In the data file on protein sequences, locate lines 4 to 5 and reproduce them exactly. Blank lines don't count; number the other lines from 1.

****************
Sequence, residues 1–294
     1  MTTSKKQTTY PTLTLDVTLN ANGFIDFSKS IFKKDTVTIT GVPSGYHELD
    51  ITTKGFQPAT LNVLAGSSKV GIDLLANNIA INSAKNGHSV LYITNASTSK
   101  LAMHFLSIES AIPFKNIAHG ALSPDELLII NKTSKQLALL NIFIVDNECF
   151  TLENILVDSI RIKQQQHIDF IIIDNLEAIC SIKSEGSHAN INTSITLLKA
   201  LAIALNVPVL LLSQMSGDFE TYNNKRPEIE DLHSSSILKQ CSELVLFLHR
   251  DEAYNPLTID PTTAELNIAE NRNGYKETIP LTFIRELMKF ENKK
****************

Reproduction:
   101  LAMHFLSIES AIPFKNIAHG ALSPDELLII NKTSKQLALL NIFIVDNECF
   151  TLENILVDSI RIKQQQHIDF IIIDNLEAIC SIKSEGSHAN INTSITLLKA